The decline of estrogen during menopause has been shown to contribute to disrupted sleep patterns as a result of menopause. Disrupted slumber patterns often arise due to menopausal symptoms like hot flashes, sweating, anxiety, and depressive moods. Anxiety and depression often trigger lack of sleep or early morning waking, and the correlation could work conversely as well.
Dopamine is the chemical in our brains that soothes muscle movement and is typically used to treat restless leg syndrome (RLS), but it’s not always successful. However, hope may be on the horizon; according to a study by John Hopkins University School of Medicine, a correlation was made between glutamate— a neurotransmitter that plays a critical role in arousal and wakefulness— and those with RLS, potentially paving the way to a new treatment.
Sleep apnea commonly triggers insomnia, and insomniacs often have undiagnosed sleep apnea, making the root cause difficult to identify. Sleep apnea can lead to insomnia because the brain’s survival instinct actively looks to avoid falling asleep to ensure you keep breathing.
Insomnia and fatigue are typical markers of fibromyalgia, and non-restorative sleep could decrease your pain threshold, further exacerbating fibromyalgia symptoms.
Those who suffer from chronic migraines often report struggling with insomnia. However, the cause behind the frequent correlation between them is debated. Managing both conditions may put you at a higher risk of depression and anxiety as well.
Some experts believe that individuals with cancer are more likely to suffer from insomnia, which could explain the extreme lack of sleep caused by severe health issues. Conversely, managing the stress that a cancer diagnosis brings could also spark insomnia.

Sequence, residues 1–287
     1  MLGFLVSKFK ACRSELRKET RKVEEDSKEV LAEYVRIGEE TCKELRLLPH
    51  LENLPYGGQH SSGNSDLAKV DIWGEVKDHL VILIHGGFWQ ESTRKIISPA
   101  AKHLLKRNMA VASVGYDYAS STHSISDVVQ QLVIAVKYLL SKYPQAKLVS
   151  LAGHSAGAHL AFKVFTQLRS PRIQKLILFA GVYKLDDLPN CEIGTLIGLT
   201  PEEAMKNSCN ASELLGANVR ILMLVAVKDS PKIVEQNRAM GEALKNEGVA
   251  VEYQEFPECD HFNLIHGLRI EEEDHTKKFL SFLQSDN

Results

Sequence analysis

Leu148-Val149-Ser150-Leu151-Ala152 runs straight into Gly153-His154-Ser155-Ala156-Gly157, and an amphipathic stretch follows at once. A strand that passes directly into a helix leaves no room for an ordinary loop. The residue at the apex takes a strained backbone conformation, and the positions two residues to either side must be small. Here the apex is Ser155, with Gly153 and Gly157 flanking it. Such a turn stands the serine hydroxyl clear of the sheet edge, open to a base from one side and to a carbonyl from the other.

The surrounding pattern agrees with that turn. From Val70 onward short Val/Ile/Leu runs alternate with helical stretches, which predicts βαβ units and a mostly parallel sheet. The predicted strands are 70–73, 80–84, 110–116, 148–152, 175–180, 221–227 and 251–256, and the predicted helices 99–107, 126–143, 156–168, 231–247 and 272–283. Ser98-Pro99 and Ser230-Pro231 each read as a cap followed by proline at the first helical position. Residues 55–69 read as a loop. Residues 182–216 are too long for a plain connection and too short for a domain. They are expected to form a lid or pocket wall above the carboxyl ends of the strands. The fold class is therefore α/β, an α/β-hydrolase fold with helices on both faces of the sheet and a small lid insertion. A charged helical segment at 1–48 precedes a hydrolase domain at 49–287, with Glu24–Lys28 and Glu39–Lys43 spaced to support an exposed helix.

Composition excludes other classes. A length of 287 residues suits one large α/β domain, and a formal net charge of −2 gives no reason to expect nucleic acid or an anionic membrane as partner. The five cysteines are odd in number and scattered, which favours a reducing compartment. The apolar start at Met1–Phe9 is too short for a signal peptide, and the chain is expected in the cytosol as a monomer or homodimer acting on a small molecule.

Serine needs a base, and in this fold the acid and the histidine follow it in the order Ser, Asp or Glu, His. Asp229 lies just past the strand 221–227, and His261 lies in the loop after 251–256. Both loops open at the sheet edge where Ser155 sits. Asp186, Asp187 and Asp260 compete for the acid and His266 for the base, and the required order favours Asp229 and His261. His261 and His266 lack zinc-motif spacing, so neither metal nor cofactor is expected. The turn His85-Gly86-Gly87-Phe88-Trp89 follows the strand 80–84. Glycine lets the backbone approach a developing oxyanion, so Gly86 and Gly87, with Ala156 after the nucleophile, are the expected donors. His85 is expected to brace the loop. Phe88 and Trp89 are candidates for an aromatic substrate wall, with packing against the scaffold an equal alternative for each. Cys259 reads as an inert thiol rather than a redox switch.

According to the Addiction Center, which connects individuals with rehabilitation, those who have insomnia are five to ten times more likely to suffer from substance abuse than those who don’t. This statistic could be explained by the highly addictive qualities of sleeping prescription pills or the false belief that sleep deprivation can be resolved via drugs.
Further, insomniacs often turn to alcohol to help with sleep, as it allows some individuals to relax. However, alcohol exacerbates insomnia symptoms, creating a vicious cycle. If you know someone struggling with addiction, it’s important that they seek help as soon as possible.
While the cause of the correlation is still debated, according to Duke University, mental health and insomnia have strong ties. Insomnia seems to be a predecessor to anxiety and depression, and conversely, depression and anxiety may predispose individuals to insomnia.
Those who struggle with bipolar disorder may experience insomnia as well. Those dealing with this condition may appear manic for prolonged periods, feeling overly happy and energized, coupled with extreme lows and bouts of depression.
Age, menopause, and lifestyle changes could contribute to insomnia. Those who go through menopause often experience a reduction in progesterone, a hormone that many people don’t realize aids in sleep.
Progesterone is known to help regulate your body, your cycle, and it can even ease anxiety. The chemical has a sedative effect and is often prescribed in specific doses to be taken before bed.
Additionally, menopause symptoms commonly include hot flashes and night sweats as well, which can wake you up during sleep due to discomfort.
Insomnia could negatively affect how you respond to stress, decrease the effectiveness of your immune system, and disrupt your overall health.
The condition could lead to various complications including:
When your sleep issues start to impact your mood, well-being, and life negatively, we recommend seeking a professional diagnosis and treatment. Suffering through sleep loss won’t benefit anyone— certainly not yourself nor those close to you.
Your primary care physician or a board-certified sleep specialist may diagnose you with insomnia. You may be asked to keep a sleep log for a few weeks so they can assess your slumber habits before prescribing treatment.
Diagnosing insomnia isn’t as straightforward as other conditions as there is no test to identify the disorder. Sometimes a blood test is done to check for thyroid conditions or other problems related to poor sleep.